Introduction: Vitamin D deficiency is still a common serious health problem among women of reproductive age and their infants in developing countries at the outset of the third millennium. Information on vitamin D status of urban lactating women in Islam Abad Gharb is not available, but it seems that, as in other physiologic groups in other areas of Iran, vitamin D deficiency may be common there, too. The aims of this study were: 1) To determine the serum 25-hydroxyvitamin D concentration and its association with independent variables (age, occupation, family size), and 2) To determine the vitamin D status of urban lactating women and its association with the independent variables.
Materials & Method: In this descriptive analytical cross-sectional study, using a simple randomized sampling technique, a total of 155 lactating women, whose babies were less than 12 months, were selected from 8 urban health centers in Islam Abad Gharb in winter 2004. A general questionnaire was completed to obtain information on age, occupation, family size, and fasting blood samples were taken for biochemical analysis .The concentration of 25-hydroxyvitamin D in serum was measured by Chemiluminescence Method. Normal status, moderate deficiency, and sever deficiency were defined as a concentration of 25-hydroxyvitamin D serum ≥ 10 ng/ml, 6ng/ml ≤ concentration of 25-hydroxyvitamin D serum < 10 ng/ml, and vitamin D deficiency as concentration of 25-hydroxyvitamin D< 6 ng/ml.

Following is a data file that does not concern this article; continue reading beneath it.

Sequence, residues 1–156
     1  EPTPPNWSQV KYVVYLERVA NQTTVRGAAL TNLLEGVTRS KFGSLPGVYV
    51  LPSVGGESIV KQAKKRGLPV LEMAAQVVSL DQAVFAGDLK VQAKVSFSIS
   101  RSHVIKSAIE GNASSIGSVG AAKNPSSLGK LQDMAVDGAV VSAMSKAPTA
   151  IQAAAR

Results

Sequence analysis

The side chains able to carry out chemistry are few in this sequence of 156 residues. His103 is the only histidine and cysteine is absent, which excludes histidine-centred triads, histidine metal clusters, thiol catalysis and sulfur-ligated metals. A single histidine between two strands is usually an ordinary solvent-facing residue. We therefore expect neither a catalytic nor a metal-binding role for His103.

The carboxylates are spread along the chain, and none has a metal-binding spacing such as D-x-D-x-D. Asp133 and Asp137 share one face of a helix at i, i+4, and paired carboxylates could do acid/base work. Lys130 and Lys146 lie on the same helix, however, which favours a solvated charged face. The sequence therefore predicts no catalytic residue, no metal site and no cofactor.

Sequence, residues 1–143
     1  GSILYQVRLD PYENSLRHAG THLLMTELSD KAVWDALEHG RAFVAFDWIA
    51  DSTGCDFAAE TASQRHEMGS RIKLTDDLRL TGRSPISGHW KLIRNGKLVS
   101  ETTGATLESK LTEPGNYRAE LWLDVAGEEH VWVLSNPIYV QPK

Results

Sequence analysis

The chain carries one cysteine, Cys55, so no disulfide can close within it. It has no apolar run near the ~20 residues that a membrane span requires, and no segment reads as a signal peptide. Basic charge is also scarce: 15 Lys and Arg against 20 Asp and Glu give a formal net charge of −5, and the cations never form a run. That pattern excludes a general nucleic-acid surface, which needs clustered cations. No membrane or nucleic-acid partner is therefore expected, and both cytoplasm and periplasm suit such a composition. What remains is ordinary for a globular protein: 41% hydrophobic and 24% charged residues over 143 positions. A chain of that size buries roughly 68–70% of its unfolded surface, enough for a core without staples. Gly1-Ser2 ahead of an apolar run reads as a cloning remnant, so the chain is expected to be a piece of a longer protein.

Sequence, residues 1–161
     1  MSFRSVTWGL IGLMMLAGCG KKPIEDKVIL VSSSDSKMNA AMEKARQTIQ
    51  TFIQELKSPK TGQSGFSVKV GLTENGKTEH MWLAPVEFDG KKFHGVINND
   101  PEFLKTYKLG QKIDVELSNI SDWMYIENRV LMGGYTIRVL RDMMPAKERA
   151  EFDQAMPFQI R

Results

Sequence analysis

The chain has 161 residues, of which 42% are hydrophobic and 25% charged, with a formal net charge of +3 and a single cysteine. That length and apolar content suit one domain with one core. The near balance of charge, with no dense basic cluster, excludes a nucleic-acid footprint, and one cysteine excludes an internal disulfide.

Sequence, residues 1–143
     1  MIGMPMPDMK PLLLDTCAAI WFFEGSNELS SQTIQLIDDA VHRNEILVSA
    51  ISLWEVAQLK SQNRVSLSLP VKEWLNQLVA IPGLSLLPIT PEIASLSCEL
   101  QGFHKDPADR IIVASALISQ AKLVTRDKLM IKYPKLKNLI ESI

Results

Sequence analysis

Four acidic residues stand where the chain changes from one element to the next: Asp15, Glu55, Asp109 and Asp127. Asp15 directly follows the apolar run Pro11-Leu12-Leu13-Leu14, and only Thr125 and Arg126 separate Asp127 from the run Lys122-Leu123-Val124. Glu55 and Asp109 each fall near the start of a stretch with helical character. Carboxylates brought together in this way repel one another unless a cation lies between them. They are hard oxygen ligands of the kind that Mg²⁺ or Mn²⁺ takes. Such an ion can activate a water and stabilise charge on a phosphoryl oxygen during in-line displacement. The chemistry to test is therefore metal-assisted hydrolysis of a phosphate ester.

Results: The results revealed that the mean serum 25-hydroxyvitamin D concentration was 5.36 ng/ml. 8.4% of women had a normal status, 18.7% and 72.9% suffered from moderate and severe deficiency. Age and family size affected the serum 25-Hydroxyvitamin D negatively. Also working women had a significantly better vitamin D status than housewives.
Conclusion : We conclude that vitamin D status of urban lactating women is poor and needs immediate attention.